Disowned: women’s struggle to own and inherit land in Tanzania

Article Date

21 March 2014

Media Contact

Anne McPherson

Vice President, Global Communications email [email protected]

As the World Bank Conference on Land and Poverty kicks off on Mach 24 in Washington DC, I can’t help but think of the many rural – and landless – women of Tanzania. Earlier this month, I returned from the East African country, where the International Center for Research on Women has been supporting a number of local organizations working to secure women’s property rights. This is a complicated proposition in Tanzaniawhere the law of the land – on land – is contradictory. At its worst, it is even downright discriminatory, playing a part in perpetuating poverty in the developing nation.

On the one hand, some progress has been made. The Land and Village Acts of 1999 forbid gender discrimination, promote equality and specifically stipulate that women can own property. There are important provisions to protect women from exploitation, such as requiring spouses to obtain written consent before applying for a mortgage, and quotas for three out of seven representatives on local land dispute adjudication councils to be women.

On the other hand, the Customary Inheritance Act explicitly denies the right of women to inherit land and property. This means that despite the hard-won legislation that guarantees women’s rights to own land, or to not have their husbands sell the house without obtaining their consent, women continue to fall into a legal black hole as a result of customary law.  In the name of age-old tradition it virtually sanctions the perpetuation of discrimination against women by preventing them from owning land.

“Land goes hand in hand with inheritance,” says Veronica Hoella, an attorney who provides legal aid in Dar es Salaam. She told me about the case of a woman—let’s call her Solome—whose husband died, leaving her future in limbo.  Custom holds that upon death of a relative, the family convenes a clan meeting and appoints an administrator of the estate. This is usually not the wife, who is supposed to be grieving for a period of time following the death. In Solome’s case, her husband’s brother was appointed as administrator. In theory he was supposed to wait 90 days before settling the estate, with the widow’s approval. Instead, the brother divided the estate among surviving relatives in two weeks, excluding Solome. As is so often the case, she was forced to take her children and return to her parents’ home and care. When Solome took her case to the local court, the judge cited the discriminatory customary inheritance provision, leaving her with nothing.

Women face the same challenges in marriage and divorce. Another woman I’ll call Fatima was the second wife in a polygamous marriage. Her father gave her land – in her own name – as a wedding gift. However, upon marrying, the land was nonetheless registered in her husband’s name, and he later applied for a loan using the land as collateral, without telling Fatima. The spousal consent provision should have protected Fatima, but Tanzania does not have nationally-issued identification cards, so the husband was able to take another woman to the bank and have her forge Fatima’s signature, securing the loan. When he wasn’t able to make his payments, the bank seized the land and left Fatima with nothing.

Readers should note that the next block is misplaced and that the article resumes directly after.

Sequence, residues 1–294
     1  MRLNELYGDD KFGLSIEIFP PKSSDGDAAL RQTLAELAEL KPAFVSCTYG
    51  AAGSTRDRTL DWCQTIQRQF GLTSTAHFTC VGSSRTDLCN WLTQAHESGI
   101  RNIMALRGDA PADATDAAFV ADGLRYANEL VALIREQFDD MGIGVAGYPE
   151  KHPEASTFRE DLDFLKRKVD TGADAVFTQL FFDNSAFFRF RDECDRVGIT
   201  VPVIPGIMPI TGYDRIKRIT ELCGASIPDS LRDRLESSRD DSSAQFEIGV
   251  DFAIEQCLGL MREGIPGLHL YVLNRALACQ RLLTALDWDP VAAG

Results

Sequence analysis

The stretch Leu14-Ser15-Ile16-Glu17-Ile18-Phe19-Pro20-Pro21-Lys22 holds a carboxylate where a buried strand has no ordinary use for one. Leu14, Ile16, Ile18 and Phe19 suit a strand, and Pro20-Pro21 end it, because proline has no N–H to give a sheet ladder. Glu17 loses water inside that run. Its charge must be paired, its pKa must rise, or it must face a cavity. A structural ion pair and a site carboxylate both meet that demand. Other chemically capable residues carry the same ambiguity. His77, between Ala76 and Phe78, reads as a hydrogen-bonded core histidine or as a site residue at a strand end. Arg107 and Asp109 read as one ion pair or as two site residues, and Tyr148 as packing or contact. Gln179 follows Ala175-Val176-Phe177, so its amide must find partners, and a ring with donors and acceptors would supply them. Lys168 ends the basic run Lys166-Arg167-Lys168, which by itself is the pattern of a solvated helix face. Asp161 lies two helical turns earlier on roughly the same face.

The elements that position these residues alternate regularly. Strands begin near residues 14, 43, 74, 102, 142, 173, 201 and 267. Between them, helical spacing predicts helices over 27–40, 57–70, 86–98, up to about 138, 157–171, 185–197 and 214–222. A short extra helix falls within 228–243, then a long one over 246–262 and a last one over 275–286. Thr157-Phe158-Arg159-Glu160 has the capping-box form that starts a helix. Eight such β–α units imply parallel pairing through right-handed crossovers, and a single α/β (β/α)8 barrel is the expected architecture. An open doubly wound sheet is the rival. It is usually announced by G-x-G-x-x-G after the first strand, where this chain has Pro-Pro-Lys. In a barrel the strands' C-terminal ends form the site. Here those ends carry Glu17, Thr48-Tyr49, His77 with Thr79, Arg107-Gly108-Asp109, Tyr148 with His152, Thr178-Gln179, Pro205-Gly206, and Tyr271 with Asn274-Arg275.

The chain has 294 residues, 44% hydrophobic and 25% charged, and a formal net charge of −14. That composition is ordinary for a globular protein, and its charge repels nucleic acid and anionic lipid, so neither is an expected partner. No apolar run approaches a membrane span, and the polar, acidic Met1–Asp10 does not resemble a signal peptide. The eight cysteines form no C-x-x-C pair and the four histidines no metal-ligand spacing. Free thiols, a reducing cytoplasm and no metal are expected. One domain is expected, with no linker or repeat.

“We have 30-50 women who come for legal aid like this in any given week,” says Latifa Ayoub Mwabondo, an advocate in the land rights department of the Tanzania Women’s Lawyers Association, the organization from which Fatima sought legal assistance after her husband defaulted on the loans. “Almost all of those cases deal with land or property.”

The dual legal system and contradictory laws have caused tremendous confusion among policymakers, the justice sector and Tanzanian citizens, so there is a growing movement to insert a constitutional provision explicitly stipulating a woman’s right to own and inherit property and land. Tanzania is currently conducting a national review of its Constitution, and this is chief among a number of women’s rights provisions that have been proposed. Indeed, women’s rights advocates have secured a considerable victory by successfully negotiating for a women’s rights section in the current draft, which includes provisions on the right to dignity, protection from violence, maternity leave and equal pay. Notably absent, however, has been the requested provision on land rights.

In response to this, advocates have formed a small coalition called the Mama Ardhi Alliance – Swahili for  the ‘Motherland’ Alliance– to draft and put forward a specific proposal to the Constitutional Constituent Assembly pushing for explicit language guaranteeing women’s rights to own and inherit land and property based on the Kenyan model.

“Since the Constitution is the mother law of the land, and no other law can contradict it, we need a constitutional provision that says women can own property,” says Hoella. Mwabondo tells me that even male local leaders such as Chair of Chanika community Mweloa Seif, have told her they will throw their support behind the campaign because they have seen how these discriminatory practices lead to economic strife, ultimately impeding development. Indeed, research by the UN Food and Agriculture Organization puts a fine point on this, finding that if women had the same access to productive resources as men, they could increase yields on their farms by 20-30% and pull 100-150 million people out of hunger.

“Chair Seif even told me he would demonstrate with us,” exclaims Mwabondo with a delighted smile.

With evidence pointing to numbers like that, it’s easy to see why.